To illustrate that this thinking goes right to the top of hard-headed business thinking, in their ‘Reflections from Davos’ report regarding the 2018 meeting of the World Economic Forum, the managing partner of McKinsey was quoted as saying “the next innovation imperative will be social innovation – business’s role will be critical here.” The report went on to note “society is demanding that companies, both public and private, serve a social purpose”. 
This is set against research from those such as Deloitte who show how millennials are fast losing faith in business; and against a backdrop where people are scrambling to find solid ground in an era when we’re told that the very notion of truth is subjective, and indeed much of public discourse has become increasingly anti-fact and anti-expert.
Fortunately there are numerous shining examples of organisations that are showing us all ‘how to do it better’ ranging across the business spectrum, in sectors ranging from beauty to finance, and from fashion to beverages.
With good leadership at the core of these businesses, every member of the organisation are enabled to understand and demonstrate ‘why they do it, what they do and how they do it’.
The end result, from a customer point of view, is that these brands are then seen by the consumer as being on their side, standing with them and matching their own values in an inspirational manner. Because in a post-truth era, we want, and need, to believe in something. And increasingly, brands that really do ‘live it like they say it’ are some of the few things on which we can actually believe and rely. 
However, I firmly believe that whilst ‘reputation capital’ is an absolutely vital foundation of successful and enduring brands, this purely tells us about their past actions. The future is where brands must focus.
And this means leaders of companies taking deliberate and definitive action to ensure that their businesses demonstrate ‘corporate social leadership’.
Along with making reputable products, providing employment and returning dividends to shareholders; corporations can and should endeavour to make the world a better place, contributing to and engaging with society.
This will also enable the truism that ‘good business is good business’.
To act as a reference guide for the leaders of ‘good businesses’ in my book I’ve collated the key learnings into a ‘Post-Truth Brand Manifesto’.
Here is a very brief summary of it…
The Post-Truth Brand Manifesto
Be authenticAuthenticity has been one of the core tenets of successful businesses since the idea of branding first began. But truly authentic companies that want to earn and keep our trust have to ‘live it like they say it’. Thus the organisation dovetails their brand intentions with the consumer and employee reality.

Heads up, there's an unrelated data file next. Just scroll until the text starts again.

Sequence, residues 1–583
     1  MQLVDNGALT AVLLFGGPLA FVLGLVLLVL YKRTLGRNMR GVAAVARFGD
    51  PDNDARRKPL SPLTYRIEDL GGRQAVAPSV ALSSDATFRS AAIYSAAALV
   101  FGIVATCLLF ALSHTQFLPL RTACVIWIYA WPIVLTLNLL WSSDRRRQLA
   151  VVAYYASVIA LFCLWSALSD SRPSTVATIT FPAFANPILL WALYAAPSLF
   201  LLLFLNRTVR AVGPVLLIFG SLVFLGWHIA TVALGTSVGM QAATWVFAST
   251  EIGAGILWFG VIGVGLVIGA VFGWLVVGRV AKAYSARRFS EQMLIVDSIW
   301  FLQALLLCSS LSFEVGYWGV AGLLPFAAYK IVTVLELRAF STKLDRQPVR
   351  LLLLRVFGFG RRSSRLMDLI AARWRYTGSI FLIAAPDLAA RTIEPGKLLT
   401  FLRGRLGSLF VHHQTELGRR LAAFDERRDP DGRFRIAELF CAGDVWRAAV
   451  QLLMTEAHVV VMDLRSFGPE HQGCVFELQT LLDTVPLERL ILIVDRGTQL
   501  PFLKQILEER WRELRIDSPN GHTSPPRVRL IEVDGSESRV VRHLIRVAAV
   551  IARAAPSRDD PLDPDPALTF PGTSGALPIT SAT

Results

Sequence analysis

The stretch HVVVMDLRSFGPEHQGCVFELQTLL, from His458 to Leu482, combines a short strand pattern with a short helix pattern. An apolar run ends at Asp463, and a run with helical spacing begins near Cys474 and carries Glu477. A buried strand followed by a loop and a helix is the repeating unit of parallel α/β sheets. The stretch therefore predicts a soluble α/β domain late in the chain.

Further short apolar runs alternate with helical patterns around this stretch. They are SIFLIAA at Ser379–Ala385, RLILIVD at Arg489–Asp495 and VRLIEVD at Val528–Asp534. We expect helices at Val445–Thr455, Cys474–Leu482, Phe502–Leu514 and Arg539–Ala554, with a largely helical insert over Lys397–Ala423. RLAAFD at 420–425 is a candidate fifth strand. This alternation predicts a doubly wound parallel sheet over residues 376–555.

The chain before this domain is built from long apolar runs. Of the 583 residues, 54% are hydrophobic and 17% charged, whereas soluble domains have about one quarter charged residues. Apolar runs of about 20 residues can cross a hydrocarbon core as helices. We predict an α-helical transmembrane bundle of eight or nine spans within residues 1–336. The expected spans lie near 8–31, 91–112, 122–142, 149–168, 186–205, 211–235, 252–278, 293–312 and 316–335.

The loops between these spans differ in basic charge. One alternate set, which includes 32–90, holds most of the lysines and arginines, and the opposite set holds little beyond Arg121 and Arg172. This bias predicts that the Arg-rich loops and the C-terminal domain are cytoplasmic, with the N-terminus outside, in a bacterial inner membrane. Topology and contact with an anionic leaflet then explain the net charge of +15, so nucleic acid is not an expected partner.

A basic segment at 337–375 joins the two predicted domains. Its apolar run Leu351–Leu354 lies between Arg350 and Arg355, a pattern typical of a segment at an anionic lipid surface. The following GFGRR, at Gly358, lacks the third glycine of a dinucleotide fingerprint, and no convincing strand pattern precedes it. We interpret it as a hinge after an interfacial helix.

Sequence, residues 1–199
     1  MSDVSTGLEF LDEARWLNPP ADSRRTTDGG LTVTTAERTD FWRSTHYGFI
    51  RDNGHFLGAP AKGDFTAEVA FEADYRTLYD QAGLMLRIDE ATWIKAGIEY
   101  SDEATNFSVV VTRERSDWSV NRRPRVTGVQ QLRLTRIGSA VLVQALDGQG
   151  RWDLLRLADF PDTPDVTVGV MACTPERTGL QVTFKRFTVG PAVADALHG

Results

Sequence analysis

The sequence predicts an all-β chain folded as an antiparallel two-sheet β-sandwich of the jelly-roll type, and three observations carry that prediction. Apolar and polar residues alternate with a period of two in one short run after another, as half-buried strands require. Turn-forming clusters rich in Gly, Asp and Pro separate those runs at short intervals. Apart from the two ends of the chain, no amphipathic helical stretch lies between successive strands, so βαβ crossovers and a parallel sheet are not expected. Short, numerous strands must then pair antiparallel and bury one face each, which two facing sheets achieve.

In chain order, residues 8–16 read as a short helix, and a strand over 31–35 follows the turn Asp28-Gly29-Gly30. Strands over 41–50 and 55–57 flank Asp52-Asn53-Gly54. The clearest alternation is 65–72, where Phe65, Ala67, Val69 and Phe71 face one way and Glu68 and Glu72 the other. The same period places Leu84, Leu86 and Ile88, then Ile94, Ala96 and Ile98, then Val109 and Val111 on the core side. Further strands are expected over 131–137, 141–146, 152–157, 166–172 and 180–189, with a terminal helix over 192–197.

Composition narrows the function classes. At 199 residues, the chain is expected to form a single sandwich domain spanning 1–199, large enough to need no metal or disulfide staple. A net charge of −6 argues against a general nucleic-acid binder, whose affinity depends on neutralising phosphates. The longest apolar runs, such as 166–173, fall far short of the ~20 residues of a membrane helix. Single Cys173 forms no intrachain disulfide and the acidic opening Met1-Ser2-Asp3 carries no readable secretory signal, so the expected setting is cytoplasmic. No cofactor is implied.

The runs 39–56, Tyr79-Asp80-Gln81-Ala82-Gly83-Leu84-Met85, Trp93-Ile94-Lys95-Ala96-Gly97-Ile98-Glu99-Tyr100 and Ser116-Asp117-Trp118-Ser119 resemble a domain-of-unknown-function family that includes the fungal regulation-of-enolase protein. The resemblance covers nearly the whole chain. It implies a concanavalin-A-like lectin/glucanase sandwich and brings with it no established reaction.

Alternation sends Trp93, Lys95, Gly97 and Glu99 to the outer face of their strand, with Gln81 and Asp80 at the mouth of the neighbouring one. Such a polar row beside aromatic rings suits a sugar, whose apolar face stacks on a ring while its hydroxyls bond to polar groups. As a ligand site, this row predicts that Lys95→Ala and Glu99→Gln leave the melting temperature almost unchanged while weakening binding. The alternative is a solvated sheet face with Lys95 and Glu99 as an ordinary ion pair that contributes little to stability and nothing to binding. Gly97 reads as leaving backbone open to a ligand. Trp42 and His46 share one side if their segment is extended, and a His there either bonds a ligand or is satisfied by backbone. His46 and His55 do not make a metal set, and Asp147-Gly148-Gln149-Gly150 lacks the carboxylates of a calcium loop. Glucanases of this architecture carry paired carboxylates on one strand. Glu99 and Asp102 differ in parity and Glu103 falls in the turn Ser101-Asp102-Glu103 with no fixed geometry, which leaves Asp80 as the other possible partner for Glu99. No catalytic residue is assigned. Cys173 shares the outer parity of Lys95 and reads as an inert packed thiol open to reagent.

Be transparentFor brands to thrive, business leaders need to find a way to regain and retain the confidence of employees. This starts with transparency. This is a business-wide issue, involving every facet of the organisation.
Respect privacyIt’s hard to overstate the seriousness of this subject, and the levels of antipathy engendered towards businesses that are seen to be profiting from ‘surveillance capitalism’.
Demonstrate empathy More and more people want to find ‘meaning and purpose’ in their working lives, and who are attracted to culturally aware, ‘good neighbour’ companies that reflect their viewpoints as ‘social citizens’.
Be trustworthyIt’s no coincidence when companies which are trusted most tend to be legacy brands which have clearly demonstrated their ‘good business’ and/or ‘reliable product’ credentials, or indeed are those with transparency built-in to the core of their business model.
Sean Pillot de Chenecey, author of The Post-Truth Business: How to Rebuild Brand Authenticity in a Distrusting World, has over 20 years’ experience as a brand expert, combining marketing consultancy with ethnographic activity and trend research around the world. His clients have included Unilever, Swatch, Heineken, Diageo, General Motors, Beiersdorf, AXA, Costa, Vodafone, Kerrygold and Starwood. He's collaborated with numerous international advertising, branding, design, media and PR agencies. He is a lecturer at the University of the Arts London, and has written for Dazed, Admap, Brand Strategy, Marketing and Contagious. A public speaker, he's given speeches for over a decade in Asia, Europe, Africa, the Middle East and North America. For more information, please visit www.koganpage.com/post-truth-business.